Sunday, May 06, 2007

A Farewell Party

Had a farewell party at Bram and my house, 329a Obrechtstraat. It was a lot of fun. Everyone seemed to be in a good party mood and by the state of the place the following morning, people had fun. Everyone came to say goodbye, even the police. I made a Pavlova. It wasn't very impressive, but it was the best I could do without electric beaters, and let's face it, it tastes the same- there's not too many ways to ruin egg white and sugar mixed ina bowl. Anyway, here are a few select shots from the night, just to keep you interested. I know you only look at the photos anyway. I mean I could write anything right know, like, you're a real tool. You're not even reading. It's like shooting fish in a barrel. (For those easily offended, this is a quote from a movie, wayne's world, and does not in any way represent the opinion of James Pender).

My Swedish mate Daniel (pronounced Dawn-yell).
Bente (Norway) and Jerome (French - Marsaille. I play guitar with him Monday nights)
Acadia from Boston. May we both find a job we like one day.
Megan from Melbourne.
Bram de Man, my Belgian flatmate. Yes, he is taller than me. Bastard.
It's become somewhat of a tradition for Bram and I to re-enact the lift from Dirty Dancing every time Nhu (Vietnam/America) arrives at a party. What can I say. She's so tiny, she's just asking to be lifted above your head.
Megan (america) and Tones (Australia- oi oi oi)
Daniel, Namita and Chelsea (Swede, Yank, Yank).
David, Marie, Namita and Claire (Yank Frenchie, Yanke Frenchie).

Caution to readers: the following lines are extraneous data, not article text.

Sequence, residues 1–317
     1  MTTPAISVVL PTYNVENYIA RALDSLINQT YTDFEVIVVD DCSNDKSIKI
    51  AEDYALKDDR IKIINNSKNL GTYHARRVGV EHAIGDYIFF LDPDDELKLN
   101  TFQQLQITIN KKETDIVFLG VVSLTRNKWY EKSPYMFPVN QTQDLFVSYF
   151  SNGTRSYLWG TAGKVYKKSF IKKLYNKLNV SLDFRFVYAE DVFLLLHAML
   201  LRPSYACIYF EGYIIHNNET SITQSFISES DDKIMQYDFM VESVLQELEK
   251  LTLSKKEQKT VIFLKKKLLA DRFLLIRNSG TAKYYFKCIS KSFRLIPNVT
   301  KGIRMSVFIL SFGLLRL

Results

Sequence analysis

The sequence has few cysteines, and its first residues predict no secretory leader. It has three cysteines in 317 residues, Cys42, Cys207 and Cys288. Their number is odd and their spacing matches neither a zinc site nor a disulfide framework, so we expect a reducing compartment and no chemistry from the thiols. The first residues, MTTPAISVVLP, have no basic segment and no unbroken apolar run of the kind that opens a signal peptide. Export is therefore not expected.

Saturday, May 05, 2007

Anzac Day in The Hague

The War Cemetary in the Hague. You can see a little Aussie flag in front of the Australian graves. A nice touch I thought.
War Grave of A Sergeant, member of the Royal Australian Air Force, shot down over Holland in 1941.
The Dutch Guard surround the cenetaph. The Australian and New Zealand Ambassadors, as well as officials from many other countries, including Canada, US, Britain, Belgium and France laid wreaths to mark the occasion. I though the most touching wreath was from the Australian Woman's Association. Two old Australian ladies stepped forward to lay the wreaths. I don't know how or why they ended up in the Hague, but it was nice to see them.

It wasn't exactly a dawn service, but it was pretty close to it. 7am saw a group of puffy eyed Australian and New Zealanders pile onto a bus at the Central station in the Hague. As the bus rolled out on the 45 minute journey to the Hague's War Cemetary, those on board turned to each other to exchange pleasantries. I always thought Australia lacked an identity, a real "culture" so to speak, but the more I travel the more I notice the difference when I'm just talking to Australians/New Zealanders with no other nationalities present. There's a easiness to it. A common understanding and an understated optimism. "G'day, I'm Paul. I'm from Perth and I work for Shell. Bloody hell it's early isn't it."